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Estonia has developed a €100 billion aid plan for Ukraine from the EU: what is happening

Anna PavlovaWorld
The European Commission could raise funds using 27 EU member states as a guarantee

Ukraine needs 120 billion euros to win the war. They can be borrowed from financial markets or allocated from national budgets.

This was stated by Kusti Salm, permanent secretary of the Estonian Ministry of Defense, Euractiv reports. Part of this amount can be financed by Eurobonds.

The European Commission could raise funds from financial markets and use a group of 27 EU member states as a guarantee. This option would allow access to money as early as possible, the Estonian official said.

For Ukraine to win, its Western allies need to invest 0.25% of their GDP in military aid to the country. A strategy developed by Estonia should serve as a basis. It details where the money will be spent, mainly on defense equipment and ammunition.

If the more than 50 countries in the U.S.-led Ramstein coalition supporting Ukraine spent that percentage, it would amount to more than 120 billion euros a year, Salm said.

"With this money, by 2025, Ukraine will reach a point where they can effectively confront Russia," he said.

Even if this amount of money starts flowing into the budgets now, it will take almost a year, Salm warned.

"It will take another nine months or so to get the supply to the level needed for Ukraine to likely reach that level of depletion," he said.

Asked how long the €120 billion annually would last against the €130 billion spent by Russia, according to SIPRI, Salm said the Estonian figure "does not include other figures such as Ukraine's spending, Western military training, civilian aid, etc... so the actual amount needed is higher than that," suggesting it already matches Russian spending.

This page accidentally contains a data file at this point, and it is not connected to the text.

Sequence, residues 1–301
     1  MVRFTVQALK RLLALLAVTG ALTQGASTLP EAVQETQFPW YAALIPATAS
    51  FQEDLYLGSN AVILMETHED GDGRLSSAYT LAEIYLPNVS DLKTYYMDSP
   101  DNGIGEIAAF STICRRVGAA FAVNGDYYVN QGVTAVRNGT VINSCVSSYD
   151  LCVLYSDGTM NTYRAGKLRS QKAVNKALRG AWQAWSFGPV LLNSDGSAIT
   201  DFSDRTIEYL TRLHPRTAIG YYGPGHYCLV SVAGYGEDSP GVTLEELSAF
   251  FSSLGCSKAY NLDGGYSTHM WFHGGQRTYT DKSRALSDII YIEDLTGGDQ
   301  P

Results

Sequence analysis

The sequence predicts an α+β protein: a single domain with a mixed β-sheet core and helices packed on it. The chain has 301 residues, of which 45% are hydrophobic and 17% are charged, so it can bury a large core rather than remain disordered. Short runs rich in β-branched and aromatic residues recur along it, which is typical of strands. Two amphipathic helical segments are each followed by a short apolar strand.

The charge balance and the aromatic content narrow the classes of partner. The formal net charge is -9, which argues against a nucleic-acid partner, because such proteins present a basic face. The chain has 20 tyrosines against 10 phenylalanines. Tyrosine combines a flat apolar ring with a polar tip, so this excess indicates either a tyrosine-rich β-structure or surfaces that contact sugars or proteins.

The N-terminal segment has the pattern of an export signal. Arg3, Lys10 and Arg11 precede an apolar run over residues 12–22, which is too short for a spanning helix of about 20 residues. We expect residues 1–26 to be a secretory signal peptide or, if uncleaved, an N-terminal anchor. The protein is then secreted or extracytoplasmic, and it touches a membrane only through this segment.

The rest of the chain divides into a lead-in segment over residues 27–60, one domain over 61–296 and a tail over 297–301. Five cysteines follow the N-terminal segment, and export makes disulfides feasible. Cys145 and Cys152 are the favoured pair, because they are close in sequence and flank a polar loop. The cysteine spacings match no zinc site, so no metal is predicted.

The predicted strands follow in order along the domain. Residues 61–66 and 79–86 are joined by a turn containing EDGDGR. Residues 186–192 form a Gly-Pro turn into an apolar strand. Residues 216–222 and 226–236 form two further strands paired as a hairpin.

He noted that Western allies are currently spending half of what Russia is spending on the war: "$5.5 billion from the West, $10 billion from Russia."

For the Estonians, allocating 0.25% of GDP to Ukraine is affordable, showing that it would take very little effort for Ukraine to win the war, even without US involvement.

According to the country's analysis, this figure is 1/8 of the cost of the Ramstein format participants to help Ukraine.

Eurobonds would be a way to get access to the money as early as possible, the Estonian official said.

"Several countries have said that would be unattainable, and that's where the Eurobond discussion comes in, which has an element of solidarity," suggested Salm, where all 27 EU member states together would instruct the EU executive to find money on financial markets and be bound by interest rates.

Using the European Commission to issue debt to finance Ukraine's defense or expand defense production in Europe is seen as an option to increase the amount of money available as the bloc seeks to upgrade its military-industrial complex to shore up the production of defense equipment.

The use of Eurobonds to raise money, as the European Commission did to finance the economic recovery from the pandemic, has been put forward by several EU countries over the past few months, including the Belgians, Estonians, and French, as well as by European Council President Charles Michel.

The initiative has also gained support in Lithuania, Latvia, Poland, and some Mediterranean countries.

The EU can start with a one-time commitment of 100 billion euros or do it later.

When asked why this particular figure was raised and discussed, Salm said that, among other reasons, it is "perfect for an example of the price of defense readiness."

"100 billion euros buys you ten days of land warfare, and if we take into account all the needs, we're talking trillions. It sounds like high numbers, but they are still an order of magnitude less than the risk potential," he said.

As reported by OBOZ.UA, the Estonian Ministry of Defense has ordered to stop selling products of those companies that Ukraine has included on the list of international sponsors of the war. These include, in particular, PepsiCo, Mars, Nestle, Unilever, and Mondelēz International.

In addition, Estonia called on the European Union to confiscate 150 billion euros of frozen Russian assets. This should be done before the US presidential election in 2024, according to the country's Foreign Ministry.

Only verified information is available on the OBOZ.UA Telegram channel and Viber. Do not fall for fakes!

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